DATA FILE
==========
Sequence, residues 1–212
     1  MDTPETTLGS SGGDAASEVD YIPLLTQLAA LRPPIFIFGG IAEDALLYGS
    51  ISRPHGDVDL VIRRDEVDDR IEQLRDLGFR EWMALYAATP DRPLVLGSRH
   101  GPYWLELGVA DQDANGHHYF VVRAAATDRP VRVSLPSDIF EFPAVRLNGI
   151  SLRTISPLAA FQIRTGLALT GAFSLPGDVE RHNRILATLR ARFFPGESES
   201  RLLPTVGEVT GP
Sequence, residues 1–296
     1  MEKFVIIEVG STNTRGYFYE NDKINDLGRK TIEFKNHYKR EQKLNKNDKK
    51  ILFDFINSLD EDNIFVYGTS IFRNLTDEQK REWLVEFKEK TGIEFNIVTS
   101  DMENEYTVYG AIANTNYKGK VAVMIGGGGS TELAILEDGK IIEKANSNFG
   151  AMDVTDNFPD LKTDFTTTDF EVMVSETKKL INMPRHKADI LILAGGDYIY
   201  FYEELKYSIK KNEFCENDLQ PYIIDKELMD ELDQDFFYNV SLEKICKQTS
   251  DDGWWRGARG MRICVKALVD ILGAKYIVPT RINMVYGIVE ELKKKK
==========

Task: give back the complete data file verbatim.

Sequence, residues 1–212
     1  MDTPETTLGS SGGDAASEVD YIPLLTQLAA LRPPIFIFGG IAEDALLYGS
    51  ISRPHGDVDL VIRRDEVDDR IEQLRDLGFR EWMALYAATP DRPLVLGSRH
   101  GPYWLELGVA DQDANGHHYF VVRAAATDRP VRVSLPSDIF EFPAVRLNGI
   151  SLRTISPLAA FQIRTGLALT GAFSLPGDVE RHNRILATLR ARFFPGESES
   201  RLLPTVGEVT GP
Sequence, residues 1–296
     1  MEKFVIIEVG STNTRGYFYE NDKINDLGRK TIEFKNHYKR EQKLNKNDKK
    51  ILFDFINSLD EDNIFVYGTS IFRNLTDEQK REWLVEFKEK TGIEFNIVTS
   101  DMENEYTVYG AIANTNYKGK VAVMIGGGGS TELAILEDGK IIEKANSNFG
   151  AMDVTDNFPD LKTDFTTTDF EVMVSETKKL INMPRHKADI LILAGGDYIY
   201  FYEELKYSIK KNEFCENDLQ PYIIDKELMD ELDQDFFYNV SLEKICKQTS
   251  DDGWWRGARG MRICVKALVD ILGAKYIVPT RINMVYGIVE ELKKKK